The previous episode of The Flash had raised expectations fairly high, for me. Perhaps too high, as it turns out – since, on reflection, there is simply no way that the show's budget could have stretched far enough to give us the large-scale invasion that we had been led to believe was coming. It is, after all, the same issue that has often cropped up, on this series. The CGI work that has gone in to creating some of the more outlandish villains to put in an appearance (Grodd, himself, most prominently – but, also, King Shark) has always been very impressive, for a television budget – but, the actual screen-time devoted to these characters has also, always, been kept to a fairly conspicuous minimum.
It's been perfectly understandable, of course – and, in the past, I have been perfectly happy to cut the series a little slack. It was, after all, very impressive that they would even be willing to make the effort. Unfortunately, while it is all well and good to cut the creator's a little slack, it seems that, at this point, they should also be aware of their own limitations. If, for example, the series did not have the budget to show us something as demanding as an army of CGI gorillas attacking a city, then they should not have created a situation where that is exactly what the audience was expecting to see.
The CGI work was as impressive as it has every been, of course – but, unfortunately, there was just no real sense of danger or excitement to Grodd's whole invasion. In the end, I actually found myself a little annoyed that I had been led to believe that there would be. Honestly, when the most dramatic moment that an episode based on this sort of premise can manage does not feature Grodd, at all (and, instead, centres on Barry frantically punching in number codes, to stop a missile launch), then it feels as though something has gone wrong.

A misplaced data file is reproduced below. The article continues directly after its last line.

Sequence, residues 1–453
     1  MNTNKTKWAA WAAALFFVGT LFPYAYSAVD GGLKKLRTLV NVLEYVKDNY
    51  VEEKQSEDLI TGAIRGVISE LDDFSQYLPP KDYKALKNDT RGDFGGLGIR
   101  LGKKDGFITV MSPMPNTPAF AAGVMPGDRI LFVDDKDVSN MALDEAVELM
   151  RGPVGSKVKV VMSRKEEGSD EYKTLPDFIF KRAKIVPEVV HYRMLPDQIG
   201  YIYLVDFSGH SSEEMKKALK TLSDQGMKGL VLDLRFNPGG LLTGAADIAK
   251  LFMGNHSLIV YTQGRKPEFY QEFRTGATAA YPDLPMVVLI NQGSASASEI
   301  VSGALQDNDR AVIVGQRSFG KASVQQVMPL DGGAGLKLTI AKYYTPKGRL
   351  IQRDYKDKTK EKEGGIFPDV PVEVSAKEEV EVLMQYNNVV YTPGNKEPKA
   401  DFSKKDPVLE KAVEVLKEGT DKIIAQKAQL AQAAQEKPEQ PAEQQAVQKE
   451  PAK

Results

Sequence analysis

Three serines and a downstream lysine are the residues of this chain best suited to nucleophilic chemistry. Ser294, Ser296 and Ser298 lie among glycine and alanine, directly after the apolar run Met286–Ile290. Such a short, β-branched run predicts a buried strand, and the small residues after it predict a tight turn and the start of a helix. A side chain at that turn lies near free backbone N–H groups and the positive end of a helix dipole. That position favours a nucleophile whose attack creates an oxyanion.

Fortunately, while the central conflict of the episode might have been a bit underwhelming, there was still plenty to enjoy about this episode. As with so many previous episode, it was the moments of character interaction which proved to be the most entertaining aspect of the episode. Gypsy's surprising reappearance, at the end of the previous episode, created more opportunities for the sort of flirtatious antagonism with Cisco that had been so entertaining during her first appearance.
Along with this, Harry's complete contempt for his double, H. R. Wells, provided the episode with many of its most humorous moments (with the moment when Harry spat toothpaste into H. R.'s coffee being a clear stand-out) – as was H. R.'s continued good-natured attitude in the face of this contempt. Honestly, it really is remarkable to see how well these two characters play off of each other, considering that they are both played by the same actor. Harry, Wally, and Jesse also shared some strong scenes, throughout the episode, as the young couple finally attempt to confront Jesse's father with the fact that she had decided to move to Earth-1.
Most importantly, though, it remains a very impressive feature of this series to see exactly how seriously a character like Grodd is treated by the creator's. At a glance, of course, a super-intelligent, telepathic, gorilla would seem like the perfect example of comic-book absurdity (and, to be honest, that is a part of the appeal of the character, for me) – but, despite that, he has also, always, been allowed to exist as a very genuine threat. Even though his army, and the planned invasion of Central City, remains frustratingly pushed to the side for much of the episode, that remains the case, here. Everything from his mind-control of both Gypsy, at the beginning of the episode, and Joe, a bit later, to his plan to kidnap a military officer in order to gain access to missiles was genuinely clever – and, it all showed exactly how potent a threat Grodd is capable of being.
Honestly, if this had been an episode centred around Grodd, alone, it would have made a much better impression on me. It's really just a shame that it none of it really measured up to what the episode had initially seemed to promise.